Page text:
(The Maryborough Vest pictured above is an example of a pattern that attaches edging as-you-go)
Many knitting books devoted to edgings still advise that you'll need to seam the edging to your project. Unless they're referring to attaching knit or crocheted edging to a woven commercial fabric, this just isn't true. This misconception about how to you must attach edgings is a particular pet-peeve of mine; after all, crocheters would scoff at the idea of sewing an edging to an afghan. When it comes to edging, knitters should take a page from the crocheter's book instead (and if you're a knitter, edging is a great place to start adding a few crochet skills to your arsenal!)
Photo from Craftsy: 5 Crochet Edges You Should Know
In that vein, I'll start with the versatile crochet edge. Not just for crochet, you can apply crochet to the edge of any fabric, knit or woven. When I use it with knitting, I find adding a foundation row of single crochet all the way around the edge of my project provides a good base for then creating more intricate designs.
Now to knit edgings: there are two types. Type 1 is worked lengthways (where the length refers to the work on the edging, i.e. the edging is worked back and forth to form a long strip which needs to be attached to the project in some way). This is the type of knit edging that books often dismiss as needing seaming. However, you can knit Lengthways Knit Edging on to your project in a couple of different ways.
When you already have live stitches on your needles from your project, you can attach edging like this (also called an applied border, thanks Ms. Zimmerman!):
Similarly, you can pick up stitches along a cast-on or bound-off edge to create live stitches that can then be used in the above technique.
My favourite technique, and IMO the most versatile, as it allows you to work on very large pieces of knitting without picking up all the necessary stitches before you start (read: no enormously long circulars), is to attach the border by picking up stitches along the edge of your project as you go. This one isn't as easy to find a video for, so I made my own (complete with mid-stream fast-motion to make me the fastest knitter in the world):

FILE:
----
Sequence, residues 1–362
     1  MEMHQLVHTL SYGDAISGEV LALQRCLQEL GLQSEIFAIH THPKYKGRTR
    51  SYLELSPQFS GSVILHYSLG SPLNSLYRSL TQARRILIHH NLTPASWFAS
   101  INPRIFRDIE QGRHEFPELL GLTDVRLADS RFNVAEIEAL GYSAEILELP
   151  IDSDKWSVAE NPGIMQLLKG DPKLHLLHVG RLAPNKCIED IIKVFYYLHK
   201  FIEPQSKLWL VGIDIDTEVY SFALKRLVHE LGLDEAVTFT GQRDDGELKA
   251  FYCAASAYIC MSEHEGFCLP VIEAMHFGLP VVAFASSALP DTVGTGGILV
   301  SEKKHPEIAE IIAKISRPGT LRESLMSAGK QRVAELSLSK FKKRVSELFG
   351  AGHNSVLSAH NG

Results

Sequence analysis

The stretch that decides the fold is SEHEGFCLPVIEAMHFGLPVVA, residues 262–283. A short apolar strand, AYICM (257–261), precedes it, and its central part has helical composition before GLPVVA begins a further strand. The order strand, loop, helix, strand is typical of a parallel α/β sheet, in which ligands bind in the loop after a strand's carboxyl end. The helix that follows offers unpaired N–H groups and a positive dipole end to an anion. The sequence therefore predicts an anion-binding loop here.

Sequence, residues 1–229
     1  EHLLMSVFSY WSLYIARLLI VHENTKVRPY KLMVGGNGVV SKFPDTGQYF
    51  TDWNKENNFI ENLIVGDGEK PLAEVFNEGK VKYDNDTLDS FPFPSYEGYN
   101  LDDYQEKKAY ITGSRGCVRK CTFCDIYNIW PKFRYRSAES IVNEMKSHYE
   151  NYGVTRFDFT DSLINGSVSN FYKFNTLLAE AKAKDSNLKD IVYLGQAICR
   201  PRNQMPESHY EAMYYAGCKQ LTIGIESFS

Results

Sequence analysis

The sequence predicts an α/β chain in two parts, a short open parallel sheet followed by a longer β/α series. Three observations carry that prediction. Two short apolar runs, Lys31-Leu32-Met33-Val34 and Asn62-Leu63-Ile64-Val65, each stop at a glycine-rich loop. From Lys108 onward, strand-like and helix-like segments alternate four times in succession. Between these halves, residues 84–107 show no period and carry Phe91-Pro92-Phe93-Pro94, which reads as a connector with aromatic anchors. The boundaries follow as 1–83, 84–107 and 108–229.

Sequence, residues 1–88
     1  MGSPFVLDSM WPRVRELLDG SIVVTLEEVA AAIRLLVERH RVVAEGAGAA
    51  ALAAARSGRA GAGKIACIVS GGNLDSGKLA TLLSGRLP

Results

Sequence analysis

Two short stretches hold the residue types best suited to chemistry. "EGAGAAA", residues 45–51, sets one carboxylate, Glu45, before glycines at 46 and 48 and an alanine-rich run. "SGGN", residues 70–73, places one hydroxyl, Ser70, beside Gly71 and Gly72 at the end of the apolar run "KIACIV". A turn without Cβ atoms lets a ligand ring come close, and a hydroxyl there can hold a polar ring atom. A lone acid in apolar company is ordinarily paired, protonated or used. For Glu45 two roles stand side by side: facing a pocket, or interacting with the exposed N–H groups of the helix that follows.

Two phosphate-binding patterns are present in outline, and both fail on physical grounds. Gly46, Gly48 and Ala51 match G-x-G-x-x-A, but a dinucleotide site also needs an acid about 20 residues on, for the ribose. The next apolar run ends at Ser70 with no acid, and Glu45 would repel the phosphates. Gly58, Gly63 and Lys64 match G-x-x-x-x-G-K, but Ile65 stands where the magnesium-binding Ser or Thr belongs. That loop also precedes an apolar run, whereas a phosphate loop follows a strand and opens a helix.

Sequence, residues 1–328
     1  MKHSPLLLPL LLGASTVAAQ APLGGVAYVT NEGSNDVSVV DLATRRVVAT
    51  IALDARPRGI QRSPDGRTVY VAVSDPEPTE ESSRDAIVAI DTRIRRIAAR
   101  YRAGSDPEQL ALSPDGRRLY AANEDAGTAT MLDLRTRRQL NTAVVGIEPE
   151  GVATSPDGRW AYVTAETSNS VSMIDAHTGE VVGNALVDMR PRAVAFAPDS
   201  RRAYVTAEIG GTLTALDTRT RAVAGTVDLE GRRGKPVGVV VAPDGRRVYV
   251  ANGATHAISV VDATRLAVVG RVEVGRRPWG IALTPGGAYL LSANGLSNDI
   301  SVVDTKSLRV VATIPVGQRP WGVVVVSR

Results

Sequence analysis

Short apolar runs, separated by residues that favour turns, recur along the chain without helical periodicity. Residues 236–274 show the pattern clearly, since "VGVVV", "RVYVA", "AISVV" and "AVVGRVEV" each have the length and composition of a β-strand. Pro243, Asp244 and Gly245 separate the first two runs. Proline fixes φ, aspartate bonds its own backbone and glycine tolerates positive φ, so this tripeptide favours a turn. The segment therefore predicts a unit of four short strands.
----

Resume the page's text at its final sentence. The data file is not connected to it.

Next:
Because knit stitches are wide and short, when working along a cast-on or bound-off edge I am only picking up and attaching stitches on the right side row, so that the wrong side can fill in the extra space. When I come to the last stitch in my edging RS row, I slip it, pick up a stitch from the edge of the swatch, and knit the two stitches together through the back loop. This way the edging stitch lies on top of the swatch stitch.
Once you are finished one edge, you have to turn a corner to keep going:
In order to turn a corner so that the knitting doesn't buckle as it turns, I use a series of little short rows to make the corner neat and pointed, not unlike one side of a short-row sock heel.
And finally, the side-edge:
Since I'm working on a side edge, I'm picking up and attaching a stitch from the swatch to every row of the edging, so that the rows of edging match exactly to the rows of the swatch. The last stitch from the RS row is attached, and the first stitch from the WS row is attached. I'm using an SSK to attach the RS row, and a P2tog to attach the WS row, but as long as you are consistent you can use whatever decrease stitch you like and it will look neat and uniform.
Knit edging Type 2 are edgings that are worked widthways (so worked along the whole required width of the edging). 2A, as noted above, is edging that would begin a project, such as a bottom ruffle on a sleeve or hem. 2B is edging worked from it's top edge "down" which is confusing but means you could end a project with that, as it ends with a bind-off - for example, edgings used to finish circular or semi-circular shawls. Most sweater necklines fall under this 2B category as well.
Obviously these types of edging are very easy to use without seaming, however if applying them to a side-edge, all the stitches required to work a number of repeats of the edging pattern would have to be picked up first.
A few other things you might find inspiring:
- How to knit edging on commercial fabric
- How to crochet edging on commercial fabric with a sharp crochet hook
- How to crochet edging on commercial fabric using blanket stitch foundation
That's it for a start! Knitting on the edge...
Have fun :)